COS 41-8: Interactions of atmospheric CO2 and temperature affect flowering time in Arabidopsisthaliana ecotypes
Debosree Samanta Roy and Joy K. Ward. University of Kansas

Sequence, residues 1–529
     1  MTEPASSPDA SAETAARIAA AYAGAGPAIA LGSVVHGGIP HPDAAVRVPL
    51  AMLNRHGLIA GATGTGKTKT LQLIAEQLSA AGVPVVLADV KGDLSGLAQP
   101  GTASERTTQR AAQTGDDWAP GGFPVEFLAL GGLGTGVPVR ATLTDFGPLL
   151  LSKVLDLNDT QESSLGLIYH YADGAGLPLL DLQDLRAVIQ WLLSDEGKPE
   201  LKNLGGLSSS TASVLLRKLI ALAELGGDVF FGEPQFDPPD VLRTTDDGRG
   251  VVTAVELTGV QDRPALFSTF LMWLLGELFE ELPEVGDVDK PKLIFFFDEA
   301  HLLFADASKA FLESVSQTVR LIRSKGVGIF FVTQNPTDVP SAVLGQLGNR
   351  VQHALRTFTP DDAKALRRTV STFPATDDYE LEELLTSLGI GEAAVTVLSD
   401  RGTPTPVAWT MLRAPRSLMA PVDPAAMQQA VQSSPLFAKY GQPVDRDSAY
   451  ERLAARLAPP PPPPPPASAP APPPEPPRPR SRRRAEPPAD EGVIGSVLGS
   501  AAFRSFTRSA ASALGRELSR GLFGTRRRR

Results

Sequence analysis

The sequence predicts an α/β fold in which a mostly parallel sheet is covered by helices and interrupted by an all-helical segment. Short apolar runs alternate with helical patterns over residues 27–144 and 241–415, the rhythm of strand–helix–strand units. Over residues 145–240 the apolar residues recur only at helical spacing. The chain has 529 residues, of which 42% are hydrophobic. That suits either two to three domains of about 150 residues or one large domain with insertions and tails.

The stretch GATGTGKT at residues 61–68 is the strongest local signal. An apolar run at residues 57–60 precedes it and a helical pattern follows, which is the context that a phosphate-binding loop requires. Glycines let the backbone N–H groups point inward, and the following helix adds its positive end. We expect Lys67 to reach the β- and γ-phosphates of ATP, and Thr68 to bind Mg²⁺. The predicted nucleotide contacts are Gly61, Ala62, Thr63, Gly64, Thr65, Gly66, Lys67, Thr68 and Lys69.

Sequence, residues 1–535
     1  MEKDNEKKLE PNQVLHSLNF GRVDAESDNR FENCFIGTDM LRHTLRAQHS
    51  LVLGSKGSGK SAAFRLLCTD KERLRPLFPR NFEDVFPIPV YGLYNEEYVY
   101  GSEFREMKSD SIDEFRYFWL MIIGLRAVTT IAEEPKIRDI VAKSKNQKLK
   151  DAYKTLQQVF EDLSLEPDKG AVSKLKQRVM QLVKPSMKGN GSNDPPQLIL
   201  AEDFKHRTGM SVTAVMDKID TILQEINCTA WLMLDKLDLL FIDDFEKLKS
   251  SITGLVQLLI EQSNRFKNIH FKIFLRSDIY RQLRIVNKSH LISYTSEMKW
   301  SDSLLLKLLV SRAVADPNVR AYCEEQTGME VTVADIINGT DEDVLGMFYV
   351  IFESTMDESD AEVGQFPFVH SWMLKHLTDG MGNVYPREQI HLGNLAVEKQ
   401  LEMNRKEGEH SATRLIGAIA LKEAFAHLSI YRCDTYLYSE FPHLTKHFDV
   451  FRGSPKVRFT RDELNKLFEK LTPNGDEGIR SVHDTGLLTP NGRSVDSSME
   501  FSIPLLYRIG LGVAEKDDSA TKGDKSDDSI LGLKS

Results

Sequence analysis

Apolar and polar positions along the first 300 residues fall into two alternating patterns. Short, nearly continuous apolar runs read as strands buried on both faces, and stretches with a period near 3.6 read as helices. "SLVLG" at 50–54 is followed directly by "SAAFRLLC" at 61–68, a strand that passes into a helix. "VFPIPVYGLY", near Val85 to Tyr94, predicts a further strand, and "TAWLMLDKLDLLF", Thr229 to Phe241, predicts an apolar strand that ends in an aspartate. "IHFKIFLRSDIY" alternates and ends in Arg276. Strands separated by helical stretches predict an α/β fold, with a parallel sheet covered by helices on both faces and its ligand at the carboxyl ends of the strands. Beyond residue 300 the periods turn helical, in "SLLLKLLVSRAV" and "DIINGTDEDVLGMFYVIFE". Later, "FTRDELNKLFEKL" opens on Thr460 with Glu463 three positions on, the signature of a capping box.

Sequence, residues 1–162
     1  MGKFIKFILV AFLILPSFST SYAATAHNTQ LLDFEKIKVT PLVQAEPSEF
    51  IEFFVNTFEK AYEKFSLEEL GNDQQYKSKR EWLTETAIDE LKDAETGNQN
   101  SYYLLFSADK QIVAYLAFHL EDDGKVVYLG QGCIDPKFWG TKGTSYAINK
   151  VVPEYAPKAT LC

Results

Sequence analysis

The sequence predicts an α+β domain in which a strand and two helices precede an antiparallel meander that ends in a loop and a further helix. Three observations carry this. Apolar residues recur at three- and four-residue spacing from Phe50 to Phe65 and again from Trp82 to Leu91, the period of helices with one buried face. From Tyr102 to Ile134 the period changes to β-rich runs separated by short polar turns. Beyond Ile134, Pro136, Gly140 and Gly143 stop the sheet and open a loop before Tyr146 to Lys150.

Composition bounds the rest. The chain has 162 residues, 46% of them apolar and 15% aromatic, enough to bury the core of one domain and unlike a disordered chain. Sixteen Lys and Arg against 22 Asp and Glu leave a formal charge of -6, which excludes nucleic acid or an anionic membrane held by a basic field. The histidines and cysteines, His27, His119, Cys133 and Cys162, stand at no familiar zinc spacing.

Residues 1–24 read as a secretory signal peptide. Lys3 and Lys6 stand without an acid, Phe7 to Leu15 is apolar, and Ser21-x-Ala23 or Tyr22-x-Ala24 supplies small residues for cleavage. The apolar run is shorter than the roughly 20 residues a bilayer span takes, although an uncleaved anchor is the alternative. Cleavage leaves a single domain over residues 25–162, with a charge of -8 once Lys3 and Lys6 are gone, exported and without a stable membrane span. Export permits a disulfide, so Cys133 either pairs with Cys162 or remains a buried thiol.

Atmospheric CO2 and mean global temperature have shown an alarming rate of increase since industrialization. To improve predictions of the future effects of global warming on plant fitness and productivity, an understanding of the effects of CO2 by temperature interactions is necessary. We have studied how temporal variation in CO2 and temperature has jointly affected the flowering phenology of Arabidopsis thaliana genotypes from the pre-industrial (270 ppm/25ºC) to the present (380 ppm/26.3ºC) period. We grew fifteen genotypes (n=10) using growth chambers under the following four treatments to simulate pre-industrial and present environments: 270 ppm CO2 + 25/18ºC day/ night temperature (hereafter ‘L’); 270 ppm + 26.3/19.3ºC (hereafter ‘H’); 380 ppm + 25/18ºC and 380 ppm + 26.3/19.3ºC. On average, flowering time, aboveground biomass, leaf number and leaf area increased significantly between 380 ppm/L and 380 ppm/H treatments, but no differences were present between 270 ppm/L and 270 ppm/H treatments. Thus, plants grown at 380 ppm CO2 responded more strongly to an increase in temperature (1.3ºC) than plants grown at 270 ppm. Between 270 ppm/L and 380 ppm/H, some genotypes exhibited a significant delay in flowering time, increased biomass, leaf number and leaf area, while others showed either an opposite response or changes that were not statistically significant. Responses of all the parameters tested revealed a significant three way (genotype×CO2×temperature) interaction. Our results suggest that the rise in CO2 and temperature (post-industrialization) and their interactive effects are sufficient to alter environmental selection regimes and cause significant developmental changes in many ecotypes.